One of the most powerful tools for yoga teachers is kinesthetic empathy—the ability to feel how a student feels in a posture.
By Sandra Anderson
You can cultivate this awareness and develop skill in assisting individual students with the following exercise:
1. Observe the student closely. Look at physical alignment, but also look for energetic qualities. Where does he seem to be stuck, unaware, tense, or compacted? What is your overall impression? Is he unengaged and not making an effort, or is he struggling and trying too hard?
2. Mimic your student in the pose while she is not looking. How would you feel if you were in a posture in the same way she is? Take the shape of her body in the posture, and arrange yourself energetically as closely as you can. If her shoulders are hunched, hunch your shoulders. If her leg looks tense and locked at the knee, lock your knee and tense your leg.
3. Compare the feeling in your body now with your usual experience of the pose, and mentally articulate how you would adjust the pose to a more comfortable, stable, or integrated position: “Draw the shoulder blades down the back and together,” or “Soften the knees by shifting your weight over the arches of the feet.” Once you’ve felt your way into the adjustment, you can verbalize the modification to your student or offer a hands-on assist.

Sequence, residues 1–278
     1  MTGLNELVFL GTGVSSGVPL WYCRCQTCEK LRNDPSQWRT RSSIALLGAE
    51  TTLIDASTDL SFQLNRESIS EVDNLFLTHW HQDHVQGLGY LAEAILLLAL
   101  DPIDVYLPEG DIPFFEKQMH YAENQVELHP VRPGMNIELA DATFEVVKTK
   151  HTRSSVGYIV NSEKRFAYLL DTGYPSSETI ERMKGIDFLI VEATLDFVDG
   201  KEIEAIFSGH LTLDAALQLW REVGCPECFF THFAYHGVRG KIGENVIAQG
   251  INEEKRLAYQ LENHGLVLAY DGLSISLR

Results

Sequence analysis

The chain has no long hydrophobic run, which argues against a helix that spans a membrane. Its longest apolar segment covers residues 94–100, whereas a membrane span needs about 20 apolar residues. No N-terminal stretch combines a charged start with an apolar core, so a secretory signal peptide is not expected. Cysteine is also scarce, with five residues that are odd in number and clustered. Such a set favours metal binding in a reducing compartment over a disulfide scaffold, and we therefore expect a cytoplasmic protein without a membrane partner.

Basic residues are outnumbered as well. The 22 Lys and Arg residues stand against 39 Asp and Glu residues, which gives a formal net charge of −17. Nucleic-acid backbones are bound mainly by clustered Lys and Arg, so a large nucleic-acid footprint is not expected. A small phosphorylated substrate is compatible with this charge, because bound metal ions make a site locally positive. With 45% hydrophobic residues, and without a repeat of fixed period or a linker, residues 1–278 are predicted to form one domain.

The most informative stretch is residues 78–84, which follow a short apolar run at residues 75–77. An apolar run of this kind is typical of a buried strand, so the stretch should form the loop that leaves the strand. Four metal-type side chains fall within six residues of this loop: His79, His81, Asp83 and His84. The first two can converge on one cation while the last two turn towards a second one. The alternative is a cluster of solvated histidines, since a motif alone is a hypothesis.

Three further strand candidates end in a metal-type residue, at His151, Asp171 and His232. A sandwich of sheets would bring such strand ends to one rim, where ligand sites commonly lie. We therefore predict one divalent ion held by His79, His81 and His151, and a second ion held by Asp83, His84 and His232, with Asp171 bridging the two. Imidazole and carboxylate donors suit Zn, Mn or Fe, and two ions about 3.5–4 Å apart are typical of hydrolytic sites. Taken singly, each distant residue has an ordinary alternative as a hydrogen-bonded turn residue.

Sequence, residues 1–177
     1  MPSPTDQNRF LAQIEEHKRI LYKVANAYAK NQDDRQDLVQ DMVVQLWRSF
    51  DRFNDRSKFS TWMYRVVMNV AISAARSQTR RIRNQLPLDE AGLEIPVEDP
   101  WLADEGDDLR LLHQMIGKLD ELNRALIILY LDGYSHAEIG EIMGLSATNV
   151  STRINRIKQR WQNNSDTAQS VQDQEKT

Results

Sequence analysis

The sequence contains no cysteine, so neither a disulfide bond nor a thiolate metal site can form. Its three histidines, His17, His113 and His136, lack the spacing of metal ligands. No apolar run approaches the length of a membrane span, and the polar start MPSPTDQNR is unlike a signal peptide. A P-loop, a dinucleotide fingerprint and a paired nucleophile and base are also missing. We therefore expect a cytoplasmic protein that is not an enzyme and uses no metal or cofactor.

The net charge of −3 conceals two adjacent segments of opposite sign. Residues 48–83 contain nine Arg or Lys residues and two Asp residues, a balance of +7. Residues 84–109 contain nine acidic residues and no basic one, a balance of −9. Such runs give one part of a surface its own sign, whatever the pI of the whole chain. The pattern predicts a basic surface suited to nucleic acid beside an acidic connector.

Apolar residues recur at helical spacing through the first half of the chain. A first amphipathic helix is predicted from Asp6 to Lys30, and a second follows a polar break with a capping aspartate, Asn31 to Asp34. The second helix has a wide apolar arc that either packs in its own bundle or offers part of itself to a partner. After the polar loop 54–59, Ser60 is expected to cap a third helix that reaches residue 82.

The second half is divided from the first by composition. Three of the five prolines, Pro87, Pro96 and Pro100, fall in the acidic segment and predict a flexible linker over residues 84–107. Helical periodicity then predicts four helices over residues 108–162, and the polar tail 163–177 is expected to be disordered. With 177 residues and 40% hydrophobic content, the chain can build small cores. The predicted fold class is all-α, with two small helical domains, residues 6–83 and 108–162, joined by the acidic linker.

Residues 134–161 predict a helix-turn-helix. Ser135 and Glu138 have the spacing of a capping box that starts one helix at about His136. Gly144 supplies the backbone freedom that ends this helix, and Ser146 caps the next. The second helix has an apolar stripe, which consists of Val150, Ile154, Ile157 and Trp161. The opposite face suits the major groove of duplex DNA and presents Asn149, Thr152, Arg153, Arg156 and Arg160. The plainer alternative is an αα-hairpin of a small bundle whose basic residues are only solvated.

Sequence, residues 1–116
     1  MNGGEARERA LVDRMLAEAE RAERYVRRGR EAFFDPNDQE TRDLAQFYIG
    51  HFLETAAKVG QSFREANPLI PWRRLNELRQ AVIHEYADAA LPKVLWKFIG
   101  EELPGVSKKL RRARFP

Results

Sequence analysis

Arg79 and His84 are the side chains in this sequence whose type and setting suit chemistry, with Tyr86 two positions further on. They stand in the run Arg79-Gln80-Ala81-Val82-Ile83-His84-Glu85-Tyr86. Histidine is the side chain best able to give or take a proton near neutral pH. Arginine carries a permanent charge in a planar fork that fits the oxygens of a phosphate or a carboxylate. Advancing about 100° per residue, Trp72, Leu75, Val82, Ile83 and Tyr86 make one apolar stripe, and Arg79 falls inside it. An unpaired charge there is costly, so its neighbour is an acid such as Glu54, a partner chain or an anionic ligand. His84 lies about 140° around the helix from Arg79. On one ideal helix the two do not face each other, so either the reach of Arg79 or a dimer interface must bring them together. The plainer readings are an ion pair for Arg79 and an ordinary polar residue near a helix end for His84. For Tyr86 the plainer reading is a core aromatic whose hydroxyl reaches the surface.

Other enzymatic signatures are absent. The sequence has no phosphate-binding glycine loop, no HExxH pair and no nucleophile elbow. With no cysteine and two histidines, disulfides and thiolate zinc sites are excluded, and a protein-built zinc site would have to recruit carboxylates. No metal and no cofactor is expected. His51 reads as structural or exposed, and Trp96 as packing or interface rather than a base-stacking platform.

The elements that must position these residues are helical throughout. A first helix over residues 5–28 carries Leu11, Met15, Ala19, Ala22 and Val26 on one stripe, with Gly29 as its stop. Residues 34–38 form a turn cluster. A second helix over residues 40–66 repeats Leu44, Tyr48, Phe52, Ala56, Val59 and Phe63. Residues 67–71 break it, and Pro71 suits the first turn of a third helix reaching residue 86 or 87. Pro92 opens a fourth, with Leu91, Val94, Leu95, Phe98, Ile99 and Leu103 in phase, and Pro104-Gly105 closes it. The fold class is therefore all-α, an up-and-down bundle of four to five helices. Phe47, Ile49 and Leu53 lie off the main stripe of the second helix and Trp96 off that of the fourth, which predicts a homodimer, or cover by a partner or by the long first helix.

With practice, you’ll be able to immediately sense the “feel” of your students in the pose just by looking, and can use your kinesthetic memory of how you typically experience the pose to direct them to a new and more satisfying practice.
Sandra Anderson is a senior editor of Yoga International and a faculty member of the Himalayan Institute.
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